BERT in keras (tensorflow 2.0) using tfhub/huggingface

Source: Deep Learning on Medium

BERT in keras (tensorflow 2.0) using tfhub/huggingface

(courtesy: jay alammar)

In the recent times, there has been considerable release of Deep belief networks or graphical generative models like elmo, gpt, ulmo, bert, etc. This has been a crucial breakthrough since the advent of the pretrained embeddings in the form of glove, fasttext, word2vec. While the word embeddings helped create dense representation of text sequences, these belief networks have made it possible

  • to beat the challenge of shortage of training data for nlp tasks
  • to fine tune various nlp tasks like entity recognition model, sentiment analysis, question answering.

Why BERT?

BERT is deeply bidirectional, OpenAI GPT is unidirectional, and ELMo is shallowly bidirectional.

BERT is the first deeply bidirectional, unsupervised language representation, pre-trained using only a plain text corpus. Why does this matter? Two reasons:

  • Contextual representations of words which have multiple representation like in the case of polysemy. Take an example of mole — a. its an animal or b. its a spy. Other models are context-free, meaning, in both the context they will return the same embeddings.
  • Fully Connected Bidirectional models — it is not possible to train bidirectional models by simply conditioning each word on its previous and next words, since this would allow the word that’s being predicted to indirectly “see itself” in a multi-layer model. To solve this problem, BERT uses a straightforward technique of masking out some of the words in the input and then condition each word bidirectionally to predict the masked words.

For detailed understanding of BERT, you can read directly from google-ai and here.

Implementation of BERT

If you like to get directly into action and suffer no further, here is the colab notebook to start playing around. Your biggest headache will come from converting your text features into the above format. This _get_inputs function will help you to do so. It is available in the below colab notebook.

The implementation typically takes two steps:

  • get inputs as required by bert which is input ids, input masks and input segments. This I have achieved by creating a function called _get_inputs
  • add the pretrained bert model as a layer to your own model

The inputs might be confusing to look at the first time. Here is possibly, a simple explanation. Given an sentence like “I want to embed. Maybe now”. BERT Tokenizer will convert it into

[“[CLS]”,”i”,”want”,”to”,”em”, “##bed”,”[SEP]”,”Maybe”,”now”,”[SEP]”].

Here ‘CLS’ & ‘SEP’ are reserved words to mark sentence or sequence separation. Using convert_to_ids on the text, we can get input_ids. Lets say we fix 15 words as the standard shape. The above sequence contains only 10. The remaining 5 words have be padded. input_masks are these padded cells. input_segments represent the separation. The first sentence will be marked ‘0’ and the second will be marked as ‘1’. All these are carried out in _get_inputs function, given the dataset and the tokenizer to be used. I have used the dataset from Google Q&A competition from Kaggle in colab (on how to get the dataset. You can check here).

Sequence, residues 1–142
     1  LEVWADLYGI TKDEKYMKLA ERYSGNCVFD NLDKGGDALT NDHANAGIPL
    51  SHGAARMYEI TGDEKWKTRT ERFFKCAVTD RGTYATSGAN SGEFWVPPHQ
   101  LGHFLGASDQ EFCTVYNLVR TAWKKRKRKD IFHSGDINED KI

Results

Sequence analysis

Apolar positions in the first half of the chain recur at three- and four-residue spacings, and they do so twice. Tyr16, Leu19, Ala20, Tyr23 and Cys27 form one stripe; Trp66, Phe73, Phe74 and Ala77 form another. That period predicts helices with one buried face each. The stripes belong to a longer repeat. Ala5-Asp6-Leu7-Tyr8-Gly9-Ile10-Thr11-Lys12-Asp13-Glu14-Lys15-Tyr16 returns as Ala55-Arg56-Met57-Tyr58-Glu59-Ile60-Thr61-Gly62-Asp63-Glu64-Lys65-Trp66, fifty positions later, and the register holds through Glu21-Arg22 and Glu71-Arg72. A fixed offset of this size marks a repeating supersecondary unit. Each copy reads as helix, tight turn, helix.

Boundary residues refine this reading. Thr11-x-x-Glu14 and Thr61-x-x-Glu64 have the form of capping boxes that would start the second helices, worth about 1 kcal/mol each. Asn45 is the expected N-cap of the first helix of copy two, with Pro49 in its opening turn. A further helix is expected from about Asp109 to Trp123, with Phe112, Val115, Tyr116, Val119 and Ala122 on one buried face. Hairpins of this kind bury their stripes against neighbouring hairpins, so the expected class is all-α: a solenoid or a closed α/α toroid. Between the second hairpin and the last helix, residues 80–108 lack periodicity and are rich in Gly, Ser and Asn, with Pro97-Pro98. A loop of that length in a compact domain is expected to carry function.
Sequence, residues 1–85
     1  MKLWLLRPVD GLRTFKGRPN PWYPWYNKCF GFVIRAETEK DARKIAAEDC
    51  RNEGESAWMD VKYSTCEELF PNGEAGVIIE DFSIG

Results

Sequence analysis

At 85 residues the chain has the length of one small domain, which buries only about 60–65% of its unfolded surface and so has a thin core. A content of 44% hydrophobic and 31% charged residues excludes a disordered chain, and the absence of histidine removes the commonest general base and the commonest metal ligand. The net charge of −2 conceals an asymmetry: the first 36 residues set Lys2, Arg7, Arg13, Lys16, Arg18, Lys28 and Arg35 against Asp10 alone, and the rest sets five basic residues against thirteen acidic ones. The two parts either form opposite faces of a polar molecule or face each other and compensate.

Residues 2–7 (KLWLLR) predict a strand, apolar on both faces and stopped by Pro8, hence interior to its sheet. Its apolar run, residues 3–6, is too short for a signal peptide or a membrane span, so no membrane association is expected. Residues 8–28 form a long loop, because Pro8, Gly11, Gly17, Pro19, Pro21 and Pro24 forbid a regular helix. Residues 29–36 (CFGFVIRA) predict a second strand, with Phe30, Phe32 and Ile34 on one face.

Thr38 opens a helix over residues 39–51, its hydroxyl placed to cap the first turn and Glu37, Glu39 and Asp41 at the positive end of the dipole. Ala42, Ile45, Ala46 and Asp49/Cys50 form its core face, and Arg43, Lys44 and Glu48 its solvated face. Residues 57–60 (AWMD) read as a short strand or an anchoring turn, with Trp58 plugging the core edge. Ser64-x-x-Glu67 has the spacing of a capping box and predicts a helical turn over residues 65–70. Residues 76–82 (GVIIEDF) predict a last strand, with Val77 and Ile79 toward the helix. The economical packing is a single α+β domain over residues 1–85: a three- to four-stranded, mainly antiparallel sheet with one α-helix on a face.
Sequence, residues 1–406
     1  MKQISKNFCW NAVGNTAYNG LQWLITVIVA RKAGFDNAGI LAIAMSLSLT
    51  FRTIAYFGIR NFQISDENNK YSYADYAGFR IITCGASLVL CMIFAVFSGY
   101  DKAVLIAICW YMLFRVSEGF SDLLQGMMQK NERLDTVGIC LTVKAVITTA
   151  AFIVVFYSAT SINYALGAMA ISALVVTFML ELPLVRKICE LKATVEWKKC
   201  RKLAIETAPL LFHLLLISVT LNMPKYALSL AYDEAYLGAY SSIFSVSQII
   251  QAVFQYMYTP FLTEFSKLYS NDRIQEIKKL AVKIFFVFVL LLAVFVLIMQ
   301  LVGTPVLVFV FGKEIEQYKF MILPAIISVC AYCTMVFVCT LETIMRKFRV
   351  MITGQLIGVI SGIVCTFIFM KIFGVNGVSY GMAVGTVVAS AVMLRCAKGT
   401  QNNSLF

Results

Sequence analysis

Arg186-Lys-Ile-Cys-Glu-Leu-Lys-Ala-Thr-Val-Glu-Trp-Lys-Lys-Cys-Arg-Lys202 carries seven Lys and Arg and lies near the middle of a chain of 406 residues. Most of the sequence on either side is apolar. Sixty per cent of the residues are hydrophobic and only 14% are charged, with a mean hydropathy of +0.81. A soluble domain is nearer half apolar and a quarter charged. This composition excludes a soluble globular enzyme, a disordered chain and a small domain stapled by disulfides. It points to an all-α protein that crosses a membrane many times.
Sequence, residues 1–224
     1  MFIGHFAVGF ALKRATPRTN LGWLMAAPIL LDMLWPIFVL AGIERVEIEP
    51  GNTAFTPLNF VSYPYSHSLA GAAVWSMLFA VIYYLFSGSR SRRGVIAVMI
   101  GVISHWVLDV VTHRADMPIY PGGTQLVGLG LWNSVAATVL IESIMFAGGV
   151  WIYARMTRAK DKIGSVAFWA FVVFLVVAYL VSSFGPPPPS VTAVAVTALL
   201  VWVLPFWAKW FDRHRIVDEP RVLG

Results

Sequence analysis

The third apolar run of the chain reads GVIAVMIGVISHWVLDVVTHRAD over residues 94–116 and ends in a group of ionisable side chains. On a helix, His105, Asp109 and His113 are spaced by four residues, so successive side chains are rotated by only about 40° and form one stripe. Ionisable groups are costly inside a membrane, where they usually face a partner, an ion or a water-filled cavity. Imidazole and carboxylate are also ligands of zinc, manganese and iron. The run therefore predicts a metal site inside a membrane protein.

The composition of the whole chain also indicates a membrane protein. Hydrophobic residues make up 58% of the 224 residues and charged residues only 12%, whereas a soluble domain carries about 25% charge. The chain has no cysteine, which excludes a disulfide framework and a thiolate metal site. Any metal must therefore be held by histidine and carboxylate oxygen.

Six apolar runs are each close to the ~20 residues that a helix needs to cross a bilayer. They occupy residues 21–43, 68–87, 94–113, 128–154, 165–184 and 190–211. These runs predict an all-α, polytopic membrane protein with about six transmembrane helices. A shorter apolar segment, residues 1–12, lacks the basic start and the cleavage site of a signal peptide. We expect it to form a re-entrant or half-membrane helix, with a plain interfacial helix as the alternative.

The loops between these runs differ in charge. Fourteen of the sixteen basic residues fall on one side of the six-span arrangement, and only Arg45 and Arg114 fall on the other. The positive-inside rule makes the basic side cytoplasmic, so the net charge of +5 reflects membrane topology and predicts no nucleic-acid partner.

Here are the snippets on implementing a keras model

Using TFhub

For tf 2.0, hub.module() will not work. we need to use hub.keraslayer. This is for internet on version. For internet off, use hub.load — check common issues in tfhub

Using HuggingFace/Transformers

HuggingFace is a startup that has created a ‘transformers’ package through which, we can seamlessly jump between many pre-trained models and, what’s more we can move between pytorch and keras. Check out here for more on this awesome startup

The embedding layer is almost similar. The magic is ‘TFBertModel’ module from transformers package. In fact, it extremely easy to switch between models. For example, to get ‘roberta’, simply access ‘TFRoberataModel’. The TF in the model name indicates TF 2.0 compatability.

Common issues or errors

  • Bert requires the input tensors to be of ‘int32’. Note how the input layers have the dtype marked as ‘int32’.
  • Bert outputs 3D arrays in case of sequence output and 1D array in case of pooled output. You will need to use a layer to convert it into the output you want. Here I have used GlobalAveragePooling1D to convert it into 1D output array.
  • If you are using tfhub for bert implementation, some of them will not be tf2 compatible. Only choose those which, have clear documentation on how to use like the one shown in the example.
  • People struggle to determine the input shape in keras for their dataset. easy way is to arrange [sentence/batch_size,no_of_words,embed_dim]. Here, embed_dim is the output of dimensions for each word by different embeddings. Example for bert – it is 768.